Pyrolysis in the Mining Industry

Pyrolysis in the mining industry can solve many problems frequently encountered regarding waste and contamination of the environment.

Pyrolysis in the Mining Industry

By Suzanne E. Allaire, PhD

Owner, GECA Environnement


Pyrolysis is the thermo-transformation of matter containing carbon between about 400 and 900°C.

Pyrolysis can transform a whole range of residues into valuable products as solid, liquid, gas, and energy. The mining industry generates various types of residues such as off the road tires (OTR tyres), plastic and food residues of employees living at the mining site, trees and organic matter from deforestation, used oil, tailings, contaminated soil, and so on. Pyrolysis can be a solution to treat and transform all these residues.

Food waste

Food waste and packaging generated by mining villages are usually sent overseas or landfilled. Both activities are expensive and polluting. The organic wastes, when transformed through pyrolysis, can create a char or a biochar that could be used in potting soil to grow plants for food, while the wood vinegar could be used as a plant growth promoting agent. The product of plastic pyrolysis is a highly energetic oil, which can consequently be used on site for heating, making electricity and more. Otherwise, we can extract chemicals to be sold on different markets.

Used OTR tyres

OTR tyres in the mining industry are usually very large because of the type of truck and equipment found on site. The mining industry has the tendency to bury them and uses them for retaining walls. This usage pollutes the soils and the surrounding environment. The mining industry usually generates way more used tyres than they can utilize. Pyrolysis of OTR tyres can create large amount of carbon black, used in the rubber and tyre industry, generates oil and gas for energy, as well as iron, that is easily recycled. Recycling OTR tyres through pyrolysis thus creates renewable products and no wastes.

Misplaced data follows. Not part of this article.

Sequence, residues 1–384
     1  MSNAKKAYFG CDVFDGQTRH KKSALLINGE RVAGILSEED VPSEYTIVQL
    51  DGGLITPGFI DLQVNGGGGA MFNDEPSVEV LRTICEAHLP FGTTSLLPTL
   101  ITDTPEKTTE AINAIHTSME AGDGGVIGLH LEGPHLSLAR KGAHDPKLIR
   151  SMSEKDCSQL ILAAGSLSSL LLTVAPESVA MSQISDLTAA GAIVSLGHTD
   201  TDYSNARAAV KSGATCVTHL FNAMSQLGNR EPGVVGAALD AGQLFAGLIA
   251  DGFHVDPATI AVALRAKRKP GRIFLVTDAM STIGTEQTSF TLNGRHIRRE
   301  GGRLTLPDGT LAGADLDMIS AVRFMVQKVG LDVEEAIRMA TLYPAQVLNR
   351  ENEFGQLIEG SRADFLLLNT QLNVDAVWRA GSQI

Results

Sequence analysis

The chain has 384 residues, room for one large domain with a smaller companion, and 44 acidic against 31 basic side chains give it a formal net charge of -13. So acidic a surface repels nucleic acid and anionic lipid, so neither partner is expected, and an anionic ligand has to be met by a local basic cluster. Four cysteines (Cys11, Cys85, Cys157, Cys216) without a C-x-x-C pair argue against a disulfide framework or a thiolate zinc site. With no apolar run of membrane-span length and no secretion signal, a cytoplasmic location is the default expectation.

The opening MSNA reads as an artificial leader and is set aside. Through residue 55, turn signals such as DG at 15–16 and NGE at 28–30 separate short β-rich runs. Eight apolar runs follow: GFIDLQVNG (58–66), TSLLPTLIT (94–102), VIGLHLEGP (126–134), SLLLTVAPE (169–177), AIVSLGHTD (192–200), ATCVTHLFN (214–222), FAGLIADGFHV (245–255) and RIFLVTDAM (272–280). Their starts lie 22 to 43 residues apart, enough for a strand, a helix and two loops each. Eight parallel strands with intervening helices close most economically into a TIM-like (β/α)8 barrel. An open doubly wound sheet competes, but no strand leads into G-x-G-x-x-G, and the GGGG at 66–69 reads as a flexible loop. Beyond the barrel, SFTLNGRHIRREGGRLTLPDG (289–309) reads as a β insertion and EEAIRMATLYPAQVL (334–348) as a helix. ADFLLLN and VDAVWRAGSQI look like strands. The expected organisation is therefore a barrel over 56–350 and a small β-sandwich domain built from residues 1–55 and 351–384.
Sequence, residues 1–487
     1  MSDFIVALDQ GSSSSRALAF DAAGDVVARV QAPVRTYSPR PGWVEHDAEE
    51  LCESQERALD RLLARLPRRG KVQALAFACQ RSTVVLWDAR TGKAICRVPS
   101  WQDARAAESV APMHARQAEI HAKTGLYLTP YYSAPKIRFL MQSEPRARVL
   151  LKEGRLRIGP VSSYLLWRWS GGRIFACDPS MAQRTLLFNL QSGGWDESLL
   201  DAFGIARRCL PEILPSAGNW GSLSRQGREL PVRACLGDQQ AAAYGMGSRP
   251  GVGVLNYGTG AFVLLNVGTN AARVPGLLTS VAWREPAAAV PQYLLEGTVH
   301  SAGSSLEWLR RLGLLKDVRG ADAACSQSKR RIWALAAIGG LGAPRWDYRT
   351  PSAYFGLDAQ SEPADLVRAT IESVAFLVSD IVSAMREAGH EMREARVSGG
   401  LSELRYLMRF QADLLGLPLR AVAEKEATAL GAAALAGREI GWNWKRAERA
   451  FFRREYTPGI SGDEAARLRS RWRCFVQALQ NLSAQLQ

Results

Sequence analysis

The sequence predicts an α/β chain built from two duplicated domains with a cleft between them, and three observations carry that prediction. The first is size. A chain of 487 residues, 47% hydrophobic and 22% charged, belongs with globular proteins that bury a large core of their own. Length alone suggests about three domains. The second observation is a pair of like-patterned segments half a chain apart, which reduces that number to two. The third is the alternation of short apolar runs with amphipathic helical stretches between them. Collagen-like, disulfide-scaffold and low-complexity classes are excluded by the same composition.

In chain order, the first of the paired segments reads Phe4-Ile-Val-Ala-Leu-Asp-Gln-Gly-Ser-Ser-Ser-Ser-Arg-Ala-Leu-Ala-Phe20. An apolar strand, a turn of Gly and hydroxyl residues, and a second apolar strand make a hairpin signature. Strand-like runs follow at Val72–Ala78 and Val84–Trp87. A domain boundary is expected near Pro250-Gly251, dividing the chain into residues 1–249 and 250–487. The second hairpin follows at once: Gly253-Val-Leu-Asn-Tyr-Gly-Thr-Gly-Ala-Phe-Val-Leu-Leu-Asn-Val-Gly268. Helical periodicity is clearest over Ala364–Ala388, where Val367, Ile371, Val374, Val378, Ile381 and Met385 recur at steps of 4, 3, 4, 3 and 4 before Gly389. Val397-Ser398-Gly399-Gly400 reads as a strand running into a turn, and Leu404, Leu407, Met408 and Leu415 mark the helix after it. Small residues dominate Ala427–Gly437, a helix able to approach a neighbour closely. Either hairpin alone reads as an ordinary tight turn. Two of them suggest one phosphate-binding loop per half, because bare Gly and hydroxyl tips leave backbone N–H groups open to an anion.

Tailings and soils contaminated with organics components

Organics contaminants can be found in tailings and soils for several reasons. Oil extraction from oil sand does not completely extract the oil. These sands are near the surface and the oil could easily move toward surface and ground water. The oil is extracted with pyrolysis into the vapour phase, which is then condensed back into oil, leaving the soil clean from oil. This new extracted oil can subsequently be used for various oil applications. Similarly, soils contaminated by car and truck fuel and oil (ex: for engine, lubrication) can also be cleaned the same way. The process is fast and efficient. Thus, pyrolysis recovers oil from sand and soil and decontaminates them to the point that they are comparable to virgin soils, unless the contaminants contain heavy metals.

Use of the pyrolytic products

The pyrolytic gases generated by the mining activities can be used on site to generate heat or energy. The pyrolytic oil can also serve both purposes, on top of others such as for cars and trucks once it is treated. We can extract wood vinegar from pyrolytic oil (when the feedstock is an organic matter) and other chemicals from it. Wood vinegar supports plant growth, serves as an antifungal, a wood preservative for on site buildings, it can treat wounds, and a lot more. The char and biochar have their own markets at interesting prices or can be used on site for plant growth, land reclamation, water treatment, effluent treatment, heavy metal extraction, and more.


Because of the potential for recycling and reuse, on site pyrolysis offers great opportunities to save money and decrease environmental impacts of various mining activities.